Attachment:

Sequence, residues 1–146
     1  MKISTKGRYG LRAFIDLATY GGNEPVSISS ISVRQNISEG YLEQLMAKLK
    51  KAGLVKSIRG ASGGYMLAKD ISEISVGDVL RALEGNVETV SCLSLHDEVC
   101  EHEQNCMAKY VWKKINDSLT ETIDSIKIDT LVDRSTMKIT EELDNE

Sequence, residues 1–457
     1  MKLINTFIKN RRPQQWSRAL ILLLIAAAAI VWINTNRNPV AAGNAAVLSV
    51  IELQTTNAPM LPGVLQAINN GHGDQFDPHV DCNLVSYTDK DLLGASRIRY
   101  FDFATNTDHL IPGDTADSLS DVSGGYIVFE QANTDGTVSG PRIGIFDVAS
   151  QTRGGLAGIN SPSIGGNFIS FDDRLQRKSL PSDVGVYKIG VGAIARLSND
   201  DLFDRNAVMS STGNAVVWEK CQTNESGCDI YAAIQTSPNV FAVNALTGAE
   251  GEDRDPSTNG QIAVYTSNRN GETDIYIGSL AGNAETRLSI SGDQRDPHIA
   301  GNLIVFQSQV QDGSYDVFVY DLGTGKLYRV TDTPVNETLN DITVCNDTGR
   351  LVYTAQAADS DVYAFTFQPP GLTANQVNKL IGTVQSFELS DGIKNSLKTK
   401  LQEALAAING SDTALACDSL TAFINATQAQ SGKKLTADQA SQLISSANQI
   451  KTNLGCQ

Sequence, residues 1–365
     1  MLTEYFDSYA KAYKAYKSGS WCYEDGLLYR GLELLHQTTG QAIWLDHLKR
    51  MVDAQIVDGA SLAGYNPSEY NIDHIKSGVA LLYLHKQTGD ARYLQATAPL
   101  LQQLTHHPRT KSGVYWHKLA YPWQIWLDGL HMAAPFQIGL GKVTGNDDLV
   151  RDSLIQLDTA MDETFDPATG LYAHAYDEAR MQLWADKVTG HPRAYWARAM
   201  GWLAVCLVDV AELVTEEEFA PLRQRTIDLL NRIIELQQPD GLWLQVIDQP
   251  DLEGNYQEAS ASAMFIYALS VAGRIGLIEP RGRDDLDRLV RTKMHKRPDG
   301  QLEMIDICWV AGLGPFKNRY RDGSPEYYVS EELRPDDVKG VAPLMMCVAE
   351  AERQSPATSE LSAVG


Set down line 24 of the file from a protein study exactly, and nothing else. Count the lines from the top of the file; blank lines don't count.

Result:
   351  AERQSPATSE LSAVG